“I film the death of baby birds. Hopefully that caught your attention and somebody might actually read this. If the above statement did not make you even a little upset, then you have bigger issues than I care to deal with. This is L.S.U.R.O.P.er Curtis Kukal saying hello from the field in hills of southeast Missouri.
I probably began work here in Ellington before many of us- on May 24th. If you don’t know where Ellington is, then look at a satellite image of Missouri. Find the greenest spot, and you’re there. More precisely, I am at the Current River Conservation Area.
My project seeks to understand if roads act as corridors to the predators of migratory songbirds. Basically I find, monitor, and film bird nests. This lets me know the nesting success of the birds (calculated as something called a Mayfield estimate of survival), as well as their predator community. My day begins at 4:50 or 3:50 am, depending on the morning. I haul motorcycle and marine batteries around the woods, snort gnats up my nose, ignore poison ivy rashes, try not to drive my car into a barrage of suicidal deer (though I’ve already failed at that once), and I’m having a great time!
The field is a messy laboratory. I’ve had some pretty unique obstacles to the flow of data- obstacles other than the ones I just mentioned. The digital video recorders that capture the two days of infrared video have had some problems. They keep dropping their software. We’ve installed a program onto the PC that can recover the files from the memory cards, so I think that problem is out of the way. Another problem is that Indigo Bunting nests far from roads have been harder to find than I had originally thought. And for whatever reason, I couldn’t find any Bunting nests until the beginning of June.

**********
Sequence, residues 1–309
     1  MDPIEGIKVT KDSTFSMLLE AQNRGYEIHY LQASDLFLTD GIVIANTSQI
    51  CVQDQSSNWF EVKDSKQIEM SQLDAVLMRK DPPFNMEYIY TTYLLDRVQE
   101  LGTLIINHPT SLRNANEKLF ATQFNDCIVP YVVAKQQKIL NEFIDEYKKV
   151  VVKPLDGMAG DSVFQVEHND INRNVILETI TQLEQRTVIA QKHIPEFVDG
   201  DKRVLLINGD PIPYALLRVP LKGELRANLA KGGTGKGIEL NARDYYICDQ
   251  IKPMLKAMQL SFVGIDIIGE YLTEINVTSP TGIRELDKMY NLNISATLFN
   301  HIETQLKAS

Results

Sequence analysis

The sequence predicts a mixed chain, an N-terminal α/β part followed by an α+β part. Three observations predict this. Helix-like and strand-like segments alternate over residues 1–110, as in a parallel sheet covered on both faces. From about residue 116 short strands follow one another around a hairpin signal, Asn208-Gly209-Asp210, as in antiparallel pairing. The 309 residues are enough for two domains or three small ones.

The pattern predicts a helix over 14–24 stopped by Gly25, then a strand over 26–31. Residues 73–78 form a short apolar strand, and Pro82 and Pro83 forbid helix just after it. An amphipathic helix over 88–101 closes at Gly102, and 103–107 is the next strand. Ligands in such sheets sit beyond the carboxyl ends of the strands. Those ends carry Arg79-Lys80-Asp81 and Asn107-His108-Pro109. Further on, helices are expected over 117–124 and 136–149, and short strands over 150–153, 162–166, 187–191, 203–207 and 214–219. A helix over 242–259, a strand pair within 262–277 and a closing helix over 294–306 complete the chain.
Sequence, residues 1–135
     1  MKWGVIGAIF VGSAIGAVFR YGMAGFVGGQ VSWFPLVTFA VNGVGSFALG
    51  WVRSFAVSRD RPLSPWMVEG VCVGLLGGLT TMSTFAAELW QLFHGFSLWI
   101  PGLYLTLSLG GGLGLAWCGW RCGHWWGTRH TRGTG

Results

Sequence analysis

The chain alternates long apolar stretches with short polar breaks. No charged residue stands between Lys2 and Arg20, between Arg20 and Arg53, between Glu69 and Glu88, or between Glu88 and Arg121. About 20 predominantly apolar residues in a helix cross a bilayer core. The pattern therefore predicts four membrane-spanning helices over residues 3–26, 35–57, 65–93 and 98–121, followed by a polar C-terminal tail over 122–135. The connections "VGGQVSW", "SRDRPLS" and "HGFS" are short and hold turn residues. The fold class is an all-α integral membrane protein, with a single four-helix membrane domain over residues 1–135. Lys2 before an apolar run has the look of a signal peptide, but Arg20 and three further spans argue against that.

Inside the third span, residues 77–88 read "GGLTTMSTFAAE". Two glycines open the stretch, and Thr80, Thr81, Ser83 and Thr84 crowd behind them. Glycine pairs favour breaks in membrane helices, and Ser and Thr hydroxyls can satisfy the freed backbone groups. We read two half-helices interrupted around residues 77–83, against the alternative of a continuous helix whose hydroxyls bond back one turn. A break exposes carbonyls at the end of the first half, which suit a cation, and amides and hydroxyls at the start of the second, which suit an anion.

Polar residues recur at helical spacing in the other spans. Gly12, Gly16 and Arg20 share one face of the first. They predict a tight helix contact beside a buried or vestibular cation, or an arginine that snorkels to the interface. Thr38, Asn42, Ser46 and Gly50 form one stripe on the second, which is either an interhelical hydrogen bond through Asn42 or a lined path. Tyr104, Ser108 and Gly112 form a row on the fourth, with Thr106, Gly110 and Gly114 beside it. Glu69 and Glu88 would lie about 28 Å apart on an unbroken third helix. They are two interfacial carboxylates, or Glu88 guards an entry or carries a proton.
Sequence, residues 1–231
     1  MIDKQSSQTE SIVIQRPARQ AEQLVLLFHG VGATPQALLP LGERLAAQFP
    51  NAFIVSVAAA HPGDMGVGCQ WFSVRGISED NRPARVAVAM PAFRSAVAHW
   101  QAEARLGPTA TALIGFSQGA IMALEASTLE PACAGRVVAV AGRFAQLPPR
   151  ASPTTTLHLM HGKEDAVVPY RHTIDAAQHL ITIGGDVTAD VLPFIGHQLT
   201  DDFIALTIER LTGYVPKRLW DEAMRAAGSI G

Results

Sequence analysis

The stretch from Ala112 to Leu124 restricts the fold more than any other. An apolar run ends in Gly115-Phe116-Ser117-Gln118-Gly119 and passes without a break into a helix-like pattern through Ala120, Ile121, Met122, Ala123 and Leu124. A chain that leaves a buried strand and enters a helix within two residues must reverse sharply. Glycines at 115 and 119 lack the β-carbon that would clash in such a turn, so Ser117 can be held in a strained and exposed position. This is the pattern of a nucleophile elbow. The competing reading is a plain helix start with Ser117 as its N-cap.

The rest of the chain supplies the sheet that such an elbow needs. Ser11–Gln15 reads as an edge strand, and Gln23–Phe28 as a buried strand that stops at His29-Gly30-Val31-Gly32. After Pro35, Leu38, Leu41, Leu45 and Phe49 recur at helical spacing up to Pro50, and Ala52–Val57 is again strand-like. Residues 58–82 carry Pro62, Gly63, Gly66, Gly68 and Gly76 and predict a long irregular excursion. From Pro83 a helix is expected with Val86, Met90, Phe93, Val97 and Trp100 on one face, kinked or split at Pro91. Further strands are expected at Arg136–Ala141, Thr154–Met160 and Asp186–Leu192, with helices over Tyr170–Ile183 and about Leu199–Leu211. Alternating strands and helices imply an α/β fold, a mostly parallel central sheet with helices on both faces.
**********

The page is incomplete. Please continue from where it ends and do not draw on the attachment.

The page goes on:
Data has begun to flow pretty well though. I’ve added another two questions for my research. I want to know if roads cause edge effects in Acadian Flycatchers (a cute, though not too colorful, bird). Also, I am measuring the diameter of Indigo Bunting nests to see if nests built later in the season are smaller than those built early in the season- clutch size tends to drop slightly later in the season in this species. Some of the data is already being collected, and the questions are interesting.
Ellington Missouri is not really what you would call a hoppin’ town. I either go home to Springfield or work through the weekends. I plan to do the latter this weekend. Because of the way the cameras are set up, someone has to be here every day to keep the batteries going.
Oh well, you probably have a lot of work to do. Besides, it’s 8:22, which is WAY past my bedtime.”
Curtis Kukal, MU Student
Mentor: Dr. John Faaborg